Distinguishing 2 particular radicals

Sorry, just a quick question about how Wanikani parses certain kanji. I just had a complete mental block on reading 着 (wear/arrive) in a word because I’ve recently learned 差 (distinction) and it seems to me like Wanikani describes two identical chunks using different radicals. That is, with wear/arrive, the top part is described as a (heavily altered) sheep, whereas the same shape is shown later as king+horns+slide. I know Wanikani combines previously learned kanjis into chunks of radicals, but given the order these are taught, this actually seems like the opposite. Is there something I’m not seeing about them? The only difference I can tell at all is that there’s a little more vertical spacing on 差, but that appears to just be a result of the bottom radical.

Edit: I guess, the more I look at them (this font is more helpful than the WK page on that front), the “slide” is slightly different? Is that it?

Links for reference:


I don’t know why Wanikani handles this the way it does, but you’re right, they’re the same radical / combination of radicals. I’ve just checked a dictionary and it doesn’t make a difference between them:


There’s no particular difference. They just write the mnemonics as they see fit. There might have been some historical reason for it (radicals/kanji might have been in different order in the past, etc.) or it might just be “because”.


I… see. I’ve seen people throw around the @Mods tag here and there for requests/issues, I hope it’s not too obnoxious to do that here. I’d think it would be a lot better to aim for consistency so learners don’t run into this exact issue, because my brain got primed to look at that, see “king+horns+slide+eye” and decide it was a kanji I’ve never seen before in my life.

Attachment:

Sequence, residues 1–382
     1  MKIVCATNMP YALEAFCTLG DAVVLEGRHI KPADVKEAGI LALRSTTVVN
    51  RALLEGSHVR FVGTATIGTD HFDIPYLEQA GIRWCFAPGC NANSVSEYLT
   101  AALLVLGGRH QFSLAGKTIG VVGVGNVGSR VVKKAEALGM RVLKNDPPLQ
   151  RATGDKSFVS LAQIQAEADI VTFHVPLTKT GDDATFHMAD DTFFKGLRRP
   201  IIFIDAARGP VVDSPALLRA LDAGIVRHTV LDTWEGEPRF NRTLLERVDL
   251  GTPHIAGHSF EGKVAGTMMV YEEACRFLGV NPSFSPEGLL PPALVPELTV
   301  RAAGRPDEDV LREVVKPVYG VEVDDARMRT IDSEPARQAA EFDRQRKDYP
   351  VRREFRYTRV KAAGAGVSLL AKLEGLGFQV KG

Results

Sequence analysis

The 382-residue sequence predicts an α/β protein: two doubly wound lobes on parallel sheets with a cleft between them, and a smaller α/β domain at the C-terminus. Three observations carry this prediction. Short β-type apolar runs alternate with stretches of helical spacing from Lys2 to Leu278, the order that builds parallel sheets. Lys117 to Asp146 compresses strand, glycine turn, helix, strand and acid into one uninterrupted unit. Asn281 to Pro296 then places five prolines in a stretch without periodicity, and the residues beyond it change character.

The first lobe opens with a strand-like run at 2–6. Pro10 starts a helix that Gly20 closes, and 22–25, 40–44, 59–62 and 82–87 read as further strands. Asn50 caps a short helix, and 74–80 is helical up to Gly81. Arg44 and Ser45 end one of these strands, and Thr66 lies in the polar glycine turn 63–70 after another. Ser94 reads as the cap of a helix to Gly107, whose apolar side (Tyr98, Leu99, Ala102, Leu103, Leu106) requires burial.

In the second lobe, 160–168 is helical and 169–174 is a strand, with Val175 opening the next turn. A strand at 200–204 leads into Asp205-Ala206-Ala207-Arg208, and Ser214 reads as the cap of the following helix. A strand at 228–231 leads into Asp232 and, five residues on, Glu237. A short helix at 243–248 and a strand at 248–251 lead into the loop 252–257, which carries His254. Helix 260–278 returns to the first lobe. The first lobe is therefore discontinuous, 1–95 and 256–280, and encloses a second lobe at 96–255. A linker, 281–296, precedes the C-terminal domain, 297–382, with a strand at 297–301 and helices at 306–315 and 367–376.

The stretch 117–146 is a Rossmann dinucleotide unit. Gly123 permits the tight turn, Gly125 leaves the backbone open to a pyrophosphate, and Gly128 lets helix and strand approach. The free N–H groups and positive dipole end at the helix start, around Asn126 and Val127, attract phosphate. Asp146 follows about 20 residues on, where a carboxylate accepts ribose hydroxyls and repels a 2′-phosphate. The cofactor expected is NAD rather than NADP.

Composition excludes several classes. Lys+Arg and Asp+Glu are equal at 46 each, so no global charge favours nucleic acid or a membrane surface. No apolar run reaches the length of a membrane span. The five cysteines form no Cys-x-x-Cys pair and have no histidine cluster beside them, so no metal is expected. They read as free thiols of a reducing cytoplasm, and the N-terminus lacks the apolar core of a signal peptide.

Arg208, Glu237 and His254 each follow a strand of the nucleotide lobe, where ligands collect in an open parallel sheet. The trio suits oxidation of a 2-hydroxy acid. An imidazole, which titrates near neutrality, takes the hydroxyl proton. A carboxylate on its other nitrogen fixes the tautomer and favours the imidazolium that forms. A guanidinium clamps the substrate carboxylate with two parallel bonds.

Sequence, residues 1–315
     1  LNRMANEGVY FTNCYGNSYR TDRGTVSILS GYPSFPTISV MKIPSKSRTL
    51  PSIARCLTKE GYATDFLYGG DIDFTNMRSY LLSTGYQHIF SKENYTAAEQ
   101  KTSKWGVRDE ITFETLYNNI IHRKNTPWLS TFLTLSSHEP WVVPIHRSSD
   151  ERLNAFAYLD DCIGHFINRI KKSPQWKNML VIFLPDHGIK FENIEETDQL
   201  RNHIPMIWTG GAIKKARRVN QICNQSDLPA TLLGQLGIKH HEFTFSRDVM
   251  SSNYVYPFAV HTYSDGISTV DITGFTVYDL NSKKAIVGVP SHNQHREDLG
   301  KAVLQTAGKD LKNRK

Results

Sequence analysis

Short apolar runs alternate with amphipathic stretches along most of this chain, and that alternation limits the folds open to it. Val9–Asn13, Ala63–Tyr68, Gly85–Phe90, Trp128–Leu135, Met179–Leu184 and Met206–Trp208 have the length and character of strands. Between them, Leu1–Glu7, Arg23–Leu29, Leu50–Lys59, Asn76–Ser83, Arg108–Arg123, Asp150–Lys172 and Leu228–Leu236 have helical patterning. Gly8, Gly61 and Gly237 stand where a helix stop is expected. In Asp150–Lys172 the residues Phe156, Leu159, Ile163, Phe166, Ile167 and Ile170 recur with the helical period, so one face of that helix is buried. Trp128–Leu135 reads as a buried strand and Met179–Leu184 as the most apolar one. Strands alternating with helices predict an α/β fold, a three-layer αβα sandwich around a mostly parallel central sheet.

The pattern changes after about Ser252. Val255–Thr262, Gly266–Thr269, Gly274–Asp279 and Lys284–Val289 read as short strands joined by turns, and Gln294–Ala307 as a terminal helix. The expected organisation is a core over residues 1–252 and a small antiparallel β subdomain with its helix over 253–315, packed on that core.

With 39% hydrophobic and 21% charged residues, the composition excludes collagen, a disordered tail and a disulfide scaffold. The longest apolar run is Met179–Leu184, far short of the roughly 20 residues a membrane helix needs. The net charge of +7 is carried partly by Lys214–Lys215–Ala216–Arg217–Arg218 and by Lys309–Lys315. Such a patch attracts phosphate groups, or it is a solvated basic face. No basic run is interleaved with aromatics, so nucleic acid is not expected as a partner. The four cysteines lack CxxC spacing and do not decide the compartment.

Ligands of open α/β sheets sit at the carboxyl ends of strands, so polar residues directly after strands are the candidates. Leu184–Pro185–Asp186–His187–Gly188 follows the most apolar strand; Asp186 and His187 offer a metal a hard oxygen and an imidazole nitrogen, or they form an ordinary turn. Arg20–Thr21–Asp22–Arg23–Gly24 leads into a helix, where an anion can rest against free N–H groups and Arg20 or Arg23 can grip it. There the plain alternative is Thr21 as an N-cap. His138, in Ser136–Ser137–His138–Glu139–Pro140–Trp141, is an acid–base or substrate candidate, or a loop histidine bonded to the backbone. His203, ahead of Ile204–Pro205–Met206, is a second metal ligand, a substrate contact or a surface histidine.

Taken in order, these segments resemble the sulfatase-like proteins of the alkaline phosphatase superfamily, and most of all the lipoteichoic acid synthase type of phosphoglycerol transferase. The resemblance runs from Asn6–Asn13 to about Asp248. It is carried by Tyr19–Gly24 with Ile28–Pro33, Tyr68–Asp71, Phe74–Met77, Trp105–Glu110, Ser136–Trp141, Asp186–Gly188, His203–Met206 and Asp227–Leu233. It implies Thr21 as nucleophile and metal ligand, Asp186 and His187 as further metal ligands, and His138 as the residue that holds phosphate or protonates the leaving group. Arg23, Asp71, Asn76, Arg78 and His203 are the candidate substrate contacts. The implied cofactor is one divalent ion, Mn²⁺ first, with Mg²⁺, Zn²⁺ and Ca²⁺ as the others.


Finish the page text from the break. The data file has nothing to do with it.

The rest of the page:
Anyway, thanks for the responses, both of you.


WaniKani, like any learning system, is simply a tool to help you find your way. The purpose is to teach you HOW to learn, how to cement all these kanji/vocab to memory, and create personal tags of your own. Take the mnemonics for instance… as you go further along you will see the very same mnemonics used for very very similiar kanji. Why is that? Because it’s a suggestion of a method and it’s up to you to determine what will work best for you.

Even the list of similiar kanji isn’t set in stone. It’s only a generalization. Frankly I didn’t even notice how simliar those two kanji are until you pointed it out! 差別 takes place at a construction site with a buzz saw さ in my memory palace and 着々 is one of many vocab that takes place at a party with plenty of different clothes and a steady stream of people arriving and leaving eating mochi that taste like chalk ちゃく

Listen, I’ve been there…albeit I ran into this problem ten levels later on…but since this is hitting you now, maybe that’s a good thing! Maybe I can save you the pain before bad habits of just “following along” start to set fester instead of carving what is best for you from the ground up!

I appreciate that you’re trying to help, but I really have not had many issues with similar kanji causing mixups in my memory. When I know a kanji is a radical off I can take the time to note which radical it is and make that distinction clear in my head. But all of this is built on the assumption that the set of radicals themselves are pretty consistently applied (again, outside of the inevitable combinations, but I can take note and appreciate the necessity of those). The problem you’re describing having is not the same problem… and either way I’m only suggesting it for the sake of future learners. Whether they change it or not, I’m unlikely to go back and read it. Having made this whole topic, I bet I’m going to remember these two kanji better than most others by now. It’s no problem for me unless the two remain inconsistent in future kanji.